Date of Completion
Gerry Altmann, Eiling Yee, Whit Tabor, Nicole Landi
Field of Study
Master of Science
In our everyday conversations we talk about how things or people change. Instantiations of objects in their different states need to be maintained during language comprehension for future selection of the relevant state, as in The chef will chop the onion. And then/but first, she will weigh the onion. Previous fMRI studies (Solomon et al, 2015) demonstrated that selecting between multiple competing representations of the same object token, such as the intact and the chopped onion, elicits increased activation in the brain area associated with conflict resolution -- left pVLPFC. When there is no cue to the earlier introduced object, as in The chef will chop/smell the onion. And then, she will weigh another onion, no retrieval cost is observed because none of the states is relevant. However, due to the poor temporal resolution of fMRI, it is difficult to make assumptions about the dynamics of this effect and where exactly in the sentence it occurs. To track this competition effect over time, dEEG was recorded as participants (N=23) read sentences presented to them word by word. Critical sentences were organized in a two-by-two design with degree of change and token reference being the two factors. A time-frequency analysis of EEG, synchronized from the onset of the final determiner phrase in the second sentence, revealed a significant increase in alpha (8-12 Hz) in sentences describing state change and referring back to the same token. This finding is consistent with literature relating alpha oscillations to cortical inhibitory processing and selection mechanisms.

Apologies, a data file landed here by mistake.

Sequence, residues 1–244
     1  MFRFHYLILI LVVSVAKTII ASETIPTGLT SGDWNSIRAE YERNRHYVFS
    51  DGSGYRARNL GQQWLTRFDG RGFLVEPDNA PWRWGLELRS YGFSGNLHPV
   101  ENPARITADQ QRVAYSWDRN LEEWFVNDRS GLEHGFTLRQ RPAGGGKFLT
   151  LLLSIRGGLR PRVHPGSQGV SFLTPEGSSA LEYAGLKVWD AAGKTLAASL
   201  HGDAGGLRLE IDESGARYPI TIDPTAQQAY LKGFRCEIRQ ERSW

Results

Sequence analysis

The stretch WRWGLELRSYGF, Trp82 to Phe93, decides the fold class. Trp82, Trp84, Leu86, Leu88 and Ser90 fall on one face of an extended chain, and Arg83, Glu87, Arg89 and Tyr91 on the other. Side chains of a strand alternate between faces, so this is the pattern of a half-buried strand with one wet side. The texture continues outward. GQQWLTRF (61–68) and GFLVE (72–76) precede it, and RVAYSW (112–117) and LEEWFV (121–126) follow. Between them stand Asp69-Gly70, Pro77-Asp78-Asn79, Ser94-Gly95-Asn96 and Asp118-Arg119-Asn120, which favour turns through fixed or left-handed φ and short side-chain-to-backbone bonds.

Prystauka, Yanina, "Comprehending Events on the Fly: Inhibition and Selection during Sentence Processing" (2018). Master's Theses. 1206.